There is probably no more intimidating a figure in jazz than Rahsaan Roland Kirk. If you don't know much about jazz or are unfamiliar with Kirk's music, images of the artist in sunglasses with four or five different saxophones around his neck or in his mouth probably have led you to only one conclusion: Here is someone who plays wild, noisy music that will be tough to deal with unless free jazz is your bag.
Actually, nothing could be further from the truth. Kirk was an extraordinary talent who loved melody, was fascinated by sound and harmony, and remains along with Wayne Shorter one of the most interesting saxophonist-composers of the 1960s. His works include Bright Moments, Serenade to a Cuckoo, The Inflated Tear, Spirits Up Above and A Handful of Fives.
And if seeing is believing, Rahsaan Roland Kirk: Live in '63 and '67, the new DVD just released by Jazz Icons as part of its third series of concert videos, makes Kirk's importance crystal clear. The video shows off all facets of Kirk's gentle genius and will leave your mouth hanging open. Here you'll see Kirk as one-man quintet in action. He switches from one sax to another to produce different textures or plays three at once to extract harmonies as rich as a big band reed section. (To see a video clip, go here and click on "watch preview.")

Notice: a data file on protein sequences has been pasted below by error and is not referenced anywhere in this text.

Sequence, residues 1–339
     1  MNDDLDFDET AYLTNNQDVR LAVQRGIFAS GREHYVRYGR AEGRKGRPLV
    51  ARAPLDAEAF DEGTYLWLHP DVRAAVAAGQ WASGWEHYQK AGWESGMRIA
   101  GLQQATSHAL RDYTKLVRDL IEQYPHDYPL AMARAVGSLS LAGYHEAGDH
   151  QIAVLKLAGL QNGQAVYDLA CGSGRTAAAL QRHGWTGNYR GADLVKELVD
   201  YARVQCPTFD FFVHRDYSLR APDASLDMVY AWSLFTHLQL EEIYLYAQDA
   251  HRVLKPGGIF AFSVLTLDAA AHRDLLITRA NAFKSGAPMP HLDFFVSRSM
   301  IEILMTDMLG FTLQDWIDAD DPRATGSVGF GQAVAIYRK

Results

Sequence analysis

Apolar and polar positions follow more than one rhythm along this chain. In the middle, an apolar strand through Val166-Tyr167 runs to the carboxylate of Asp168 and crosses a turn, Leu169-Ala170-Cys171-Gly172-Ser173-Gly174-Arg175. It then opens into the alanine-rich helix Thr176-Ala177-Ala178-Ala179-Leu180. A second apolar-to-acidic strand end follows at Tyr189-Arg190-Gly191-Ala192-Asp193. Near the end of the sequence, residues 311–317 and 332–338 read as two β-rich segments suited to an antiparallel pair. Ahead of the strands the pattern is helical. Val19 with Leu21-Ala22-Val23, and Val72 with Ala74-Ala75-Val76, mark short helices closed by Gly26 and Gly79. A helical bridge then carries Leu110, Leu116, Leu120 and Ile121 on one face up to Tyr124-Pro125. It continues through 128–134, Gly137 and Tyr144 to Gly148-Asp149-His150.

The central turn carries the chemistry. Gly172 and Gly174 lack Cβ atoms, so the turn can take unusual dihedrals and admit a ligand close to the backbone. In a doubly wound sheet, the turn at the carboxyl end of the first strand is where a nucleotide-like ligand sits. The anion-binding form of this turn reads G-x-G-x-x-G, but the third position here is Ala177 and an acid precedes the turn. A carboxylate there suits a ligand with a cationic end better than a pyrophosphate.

You also see in this DVD how sensitive Kirk was as an artist and musical storyteller. I think he actually enjoyed his intimidating image, in that it kept away the jazz fakers, leaving only purists who truly understood his message and appreciated his many talents.
Blind from age 2, Kirk was born in 1936 and played trumpet before devoting himself to the clarinet and C-melody saxophone. By age 15, he was playing in an r&b band, developing blues chops that would later come in handy with artists such as Brother Jack McDuff. Kirk's passion for reeds led him to make alterations to instruments with rubber bands and to modify the keys so he could play multiple saxophones at once. He also was a gifted flutist.